Eyes are fixed on labour agencies for expansion

21 December 2001

Eyes are fixed on labour agencies for expansion

Growing from strength to strength – the Essex and

Suffolk Machinery Ring considers itself to be now

in a prime position to help its members fully exploit

their businesses. Andy Moore found out why

RUNNING a labour supply service within a machinery ring requires greater co-operation from training and labour agencies if it is to be successful, according to Vernon Nott, manager of the Essex and Suffolk Machinery Ring (ESMR).

"Training and labour agencies should now collaborate more closely with machinery rings to help provide new blood in farming and retrain those already in the industry," he insists.

Based near Sudbury, this year ESMR supplied over 120 workers for 31 separate jobs through agencies which provide the bulk of permanent skilled labour to its members.

The agencies pool labour from their databases and find the most suitable employee for the job required. This can vary from a farm labourer, skilled tractor driver to a farm manager – while handling National Insurance, tax and accommodation arrangements if required.

"Why should a machinery ring set up its own labour agency when a specialist agency already has the necessary skills and experience under its belt?" reasons Mr Nott. "Grants are available for machinery rings to start up an agency but with specialist agencies already involved in the game, rings are in an ideal position to take advantage of a ready-made pool of labour."

The main advantage of using a specialist rather than in-house agency is the farmer or demander does not have to pay any commission to the ring. The agency or supplier pays the ring a small commission on the turnover of the labour provided.

This, says Mr Nott, encourages greater loyalty and more demanders to use the service. The agency invoices the demander directly who pays a marginal mark-up fee on the hourly rate.

Labour business contributes over £200,000 to ESMRs turnover and is the largest growth enterprise in the rings commodity business which has sponsored suppliers paying the ring a sole commission.

Doing business in this way has enabled the ring to supply 9m units of electricity and 2m litres of fuel to its members last year.

"We co-operate with three fuel suppliers which aim to sell fuel at the most competitive cost to our members," says Mr Nott. "This arrangement allows fairer competition between the suppliers."

Also benefiting from a one-way commission fee under sponsored commodity deals are services for supplying second hand machinery, game feed, tyres/exhausts, banking, together with workshop and equipment parts.

But what about overall expansion for ESMR? Since 1993, membership has nearly trebled from 120 to 340 and turnover increased from £40,000 to over £1.1m which includes revenue generated from sponsored and commodity deals.

Once covering a 15-mile radius of Sudbury, the ring now extends over 70 miles throughout the whole of Essex, Suffolk and Cambs and part of Herts.

"The membership has increased dramatically despite the rising number of units amalgamating into shared farms," he adds. "This is because the ring covers a larger area and producers are using the ring more proactively to help cut fixed and variable costs to the bone."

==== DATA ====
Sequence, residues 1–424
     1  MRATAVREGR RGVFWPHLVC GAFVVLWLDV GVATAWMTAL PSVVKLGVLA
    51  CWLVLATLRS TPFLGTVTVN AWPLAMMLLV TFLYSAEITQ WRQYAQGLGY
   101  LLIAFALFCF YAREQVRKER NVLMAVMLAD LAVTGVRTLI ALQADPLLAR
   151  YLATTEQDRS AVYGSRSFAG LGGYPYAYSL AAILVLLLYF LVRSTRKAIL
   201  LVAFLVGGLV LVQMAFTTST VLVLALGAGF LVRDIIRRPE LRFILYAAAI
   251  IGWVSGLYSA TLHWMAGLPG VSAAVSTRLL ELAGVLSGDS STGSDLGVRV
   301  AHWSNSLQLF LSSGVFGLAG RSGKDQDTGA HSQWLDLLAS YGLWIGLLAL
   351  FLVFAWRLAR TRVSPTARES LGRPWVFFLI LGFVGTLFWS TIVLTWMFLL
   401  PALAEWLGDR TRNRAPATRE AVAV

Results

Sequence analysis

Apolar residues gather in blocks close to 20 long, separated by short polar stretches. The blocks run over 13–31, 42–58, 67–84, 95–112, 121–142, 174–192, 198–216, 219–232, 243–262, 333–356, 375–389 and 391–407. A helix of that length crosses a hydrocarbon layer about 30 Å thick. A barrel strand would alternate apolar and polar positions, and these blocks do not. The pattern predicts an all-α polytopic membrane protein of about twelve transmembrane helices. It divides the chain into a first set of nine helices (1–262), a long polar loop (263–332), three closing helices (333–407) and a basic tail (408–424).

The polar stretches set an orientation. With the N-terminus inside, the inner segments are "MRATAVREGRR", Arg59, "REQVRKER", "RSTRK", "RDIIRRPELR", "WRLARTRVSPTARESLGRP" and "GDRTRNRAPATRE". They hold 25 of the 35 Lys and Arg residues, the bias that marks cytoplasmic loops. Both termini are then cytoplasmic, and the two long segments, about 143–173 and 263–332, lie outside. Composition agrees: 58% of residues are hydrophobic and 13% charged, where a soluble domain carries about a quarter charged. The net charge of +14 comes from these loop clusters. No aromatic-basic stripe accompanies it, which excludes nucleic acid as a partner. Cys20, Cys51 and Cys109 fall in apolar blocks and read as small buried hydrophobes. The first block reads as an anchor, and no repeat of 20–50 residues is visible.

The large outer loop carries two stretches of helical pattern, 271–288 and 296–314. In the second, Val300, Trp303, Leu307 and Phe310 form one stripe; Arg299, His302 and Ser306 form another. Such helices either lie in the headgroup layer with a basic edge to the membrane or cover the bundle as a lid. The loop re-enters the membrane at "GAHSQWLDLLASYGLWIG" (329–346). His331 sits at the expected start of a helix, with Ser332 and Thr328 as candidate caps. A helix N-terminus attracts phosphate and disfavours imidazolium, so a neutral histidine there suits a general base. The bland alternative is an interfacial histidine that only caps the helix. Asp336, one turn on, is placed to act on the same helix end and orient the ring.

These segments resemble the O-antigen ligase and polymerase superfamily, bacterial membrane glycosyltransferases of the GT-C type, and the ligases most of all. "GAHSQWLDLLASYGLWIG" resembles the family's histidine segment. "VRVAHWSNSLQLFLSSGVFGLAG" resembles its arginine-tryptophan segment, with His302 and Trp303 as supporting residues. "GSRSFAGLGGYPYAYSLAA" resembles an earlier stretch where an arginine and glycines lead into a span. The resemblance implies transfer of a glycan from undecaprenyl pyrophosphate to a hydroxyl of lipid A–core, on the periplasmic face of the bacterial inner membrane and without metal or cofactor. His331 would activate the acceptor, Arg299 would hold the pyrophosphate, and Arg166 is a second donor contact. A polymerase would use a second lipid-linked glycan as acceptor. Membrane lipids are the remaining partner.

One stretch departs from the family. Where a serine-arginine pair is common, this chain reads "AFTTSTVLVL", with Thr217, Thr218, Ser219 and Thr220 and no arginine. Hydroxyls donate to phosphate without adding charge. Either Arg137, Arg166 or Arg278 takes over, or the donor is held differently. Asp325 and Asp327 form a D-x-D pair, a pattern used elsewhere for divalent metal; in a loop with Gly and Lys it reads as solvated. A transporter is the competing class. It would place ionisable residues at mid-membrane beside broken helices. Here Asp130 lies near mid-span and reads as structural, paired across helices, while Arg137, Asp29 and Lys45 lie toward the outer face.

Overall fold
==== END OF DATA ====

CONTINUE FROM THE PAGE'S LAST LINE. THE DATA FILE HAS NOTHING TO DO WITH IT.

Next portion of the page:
Farm sizes

The average range of farm sizes in the rings area has also grown significantly, with a rising number worked under whole farm contracts, says Mr Nott.

So how will this affect ESMR? "Over the next few years we will be able to co-operate even more with our members by providing them with greater means to drive down input costs," he says. "The aim is to connect members with more specialist services such as GPS or agronomy advice in addition to operating minimal and lo-till cultivation equipment and systems,"

Some of these services are already on offer under the rings second main business – Farm Business Support.

ESMR is able to provide assistance on farm secretarial work, IACS forms and machinery management, together with advice on property, computer systems and business development.

But while such services can deliver significant benefits to large farms, Mr Nott believes the ring has an obligation to look after smaller mixed units which typically rely on a wide range of equipment.

He says this can be achieved by continuing to offer member-to-member machinery sharing and contract services which used to be the rings bread and butter business.

In addition to contracting services, ESMR is able to put its members in touch with suppliers of self-drive equipment and specialist services such as seed cleaning, rodent control and waste disposal.

"With over 8000 farms situated on our patch, the potential growth for the Essex and Suffolk Machinery Ring is phenomenal," claims Mr Nott. "More and more producers are being forced to make some tough decisions so their businesses can make ends meet in the depressed agricultural economy. ESMR is here to help." &#42

Many hands… ESMR says labour and training agencies could work more with machinery rings to help compensate for the shortfall of skilled agricultural labour.

Above left: Vernon Nott: "We will be able to help our members even more by providing them with greater means to drive down their input costs."


Manager Vernon Nott, Pelham Hall, Twinstead, Sudbury, Suffolk (01787-269686, e-mail esmr@farmline.com).

Assistant manager Paul Goodchild. Chairman Mark Ward.

Operating area Whole of Essex, Suffolk and Cambs. Part of Herts.

Farming Livestock and combinable crops.

Number of members 340.

Fees £95 annual and £20 share certificate, 2% commission on each side of transaction on core business.

Usage rate One-third suppliers.

Turnover £40,000 in 1993 and £1.1m for 2001.

Most popular services Labour, commodity supply & machinery hire.

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